The case is extraordinary in other ways, too, patent lawyers said. Because of the complexity of the technology, there are hundreds of individual claims covering various aspects of the five patents at issue, according to Jonathan Caplan, an intellectual property lawyer at Kramer Levin Naftalis and Frankel LLP, in New York. Under the circumstances, the agency is doing an admirable job, he said.
Several observers say the PTO needs more resources to do its job better. The government has been diverting the agency's funds to other purposes for ten years, according to Rambus' Richardson.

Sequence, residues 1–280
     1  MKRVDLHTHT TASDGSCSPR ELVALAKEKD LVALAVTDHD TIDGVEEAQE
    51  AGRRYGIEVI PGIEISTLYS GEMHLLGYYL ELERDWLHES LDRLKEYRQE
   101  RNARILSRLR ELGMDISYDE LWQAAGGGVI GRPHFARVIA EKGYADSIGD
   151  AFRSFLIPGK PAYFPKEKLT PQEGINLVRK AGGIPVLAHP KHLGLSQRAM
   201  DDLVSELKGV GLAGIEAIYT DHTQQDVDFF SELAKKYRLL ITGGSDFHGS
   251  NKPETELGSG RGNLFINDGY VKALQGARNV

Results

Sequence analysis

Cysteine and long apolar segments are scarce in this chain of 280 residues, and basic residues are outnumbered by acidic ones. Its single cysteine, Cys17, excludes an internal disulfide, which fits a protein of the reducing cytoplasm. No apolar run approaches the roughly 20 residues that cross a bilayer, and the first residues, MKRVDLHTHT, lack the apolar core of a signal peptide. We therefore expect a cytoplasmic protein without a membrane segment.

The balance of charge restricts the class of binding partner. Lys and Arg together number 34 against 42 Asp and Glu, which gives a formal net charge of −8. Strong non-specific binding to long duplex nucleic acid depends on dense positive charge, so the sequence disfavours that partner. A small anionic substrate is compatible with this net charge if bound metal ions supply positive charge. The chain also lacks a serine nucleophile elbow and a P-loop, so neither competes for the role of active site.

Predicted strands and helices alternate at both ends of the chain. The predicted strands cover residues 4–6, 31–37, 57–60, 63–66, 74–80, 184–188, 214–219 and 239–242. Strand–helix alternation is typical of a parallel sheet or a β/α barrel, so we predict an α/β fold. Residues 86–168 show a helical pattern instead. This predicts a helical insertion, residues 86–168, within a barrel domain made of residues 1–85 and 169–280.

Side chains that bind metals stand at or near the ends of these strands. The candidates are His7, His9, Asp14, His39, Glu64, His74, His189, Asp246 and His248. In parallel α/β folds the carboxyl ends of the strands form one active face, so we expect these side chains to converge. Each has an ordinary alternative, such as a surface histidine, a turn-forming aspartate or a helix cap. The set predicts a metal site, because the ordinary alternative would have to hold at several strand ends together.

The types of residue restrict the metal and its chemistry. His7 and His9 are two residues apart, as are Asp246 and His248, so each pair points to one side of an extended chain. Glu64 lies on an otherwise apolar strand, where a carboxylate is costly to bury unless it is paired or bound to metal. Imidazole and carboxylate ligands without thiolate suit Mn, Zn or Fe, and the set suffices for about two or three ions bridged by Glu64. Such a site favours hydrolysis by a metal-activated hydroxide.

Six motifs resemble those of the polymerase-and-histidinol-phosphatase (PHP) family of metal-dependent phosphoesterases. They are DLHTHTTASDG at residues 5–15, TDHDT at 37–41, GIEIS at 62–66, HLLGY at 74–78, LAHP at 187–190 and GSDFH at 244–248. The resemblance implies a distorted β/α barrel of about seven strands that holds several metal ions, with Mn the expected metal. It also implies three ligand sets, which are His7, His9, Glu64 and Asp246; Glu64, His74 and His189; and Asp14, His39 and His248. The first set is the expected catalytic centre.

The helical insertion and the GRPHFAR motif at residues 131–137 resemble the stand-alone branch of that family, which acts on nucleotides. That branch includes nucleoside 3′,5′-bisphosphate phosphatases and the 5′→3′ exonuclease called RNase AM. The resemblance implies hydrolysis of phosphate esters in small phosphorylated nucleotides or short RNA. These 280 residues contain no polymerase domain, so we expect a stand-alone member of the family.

"You're expecting them to do a job that takes 40 hours in 35," Richardson said.
In recent years the agency has been allowed to keep the fees it charges and is beefing up its staff, according to Quinn. Its staff of more than 4,000 examiners grew by almost 1,000 last year and should gain 1,000 per year for the next four years or so, she said. The PTO has also made changes to speed up re-examinations, she said. Last July it formed a special unit of 20 specialized examiners to concentrate solely on re-examinations, which will take on all new requests for re-examination. All future re-examinations will be finished in a set time frame, expected to be two years, the agency said in July.